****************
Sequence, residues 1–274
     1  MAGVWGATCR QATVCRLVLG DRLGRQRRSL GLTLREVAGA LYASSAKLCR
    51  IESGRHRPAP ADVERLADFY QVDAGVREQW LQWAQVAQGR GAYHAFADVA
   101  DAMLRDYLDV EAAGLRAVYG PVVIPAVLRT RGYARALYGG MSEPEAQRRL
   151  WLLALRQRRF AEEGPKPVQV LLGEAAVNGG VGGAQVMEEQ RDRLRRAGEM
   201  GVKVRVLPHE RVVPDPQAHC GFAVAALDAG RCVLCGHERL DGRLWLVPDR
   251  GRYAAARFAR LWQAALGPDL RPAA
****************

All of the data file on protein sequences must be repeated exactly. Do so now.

Sequence, residues 1–274
     1  MAGVWGATCR QATVCRLVLG DRLGRQRRSL GLTLREVAGA LYASSAKLCR
    51  IESGRHRPAP ADVERLADFY QVDAGVREQW LQWAQVAQGR GAYHAFADVA
   101  DAMLRDYLDV EAAGLRAVYG PVVIPAVLRT RGYARALYGG MSEPEAQRRL
   151  WLLALRQRRF AEEGPKPVQV LLGEAAVNGG VGGAQVMEEQ RDRLRRAGEM
   201  GVKVRVLPHE RVVPDPQAHC GFAVAALDAG RCVLCGHERL DGRLWLVPDR
   251  GRYAAARFAR LWQAALGPDL RPAA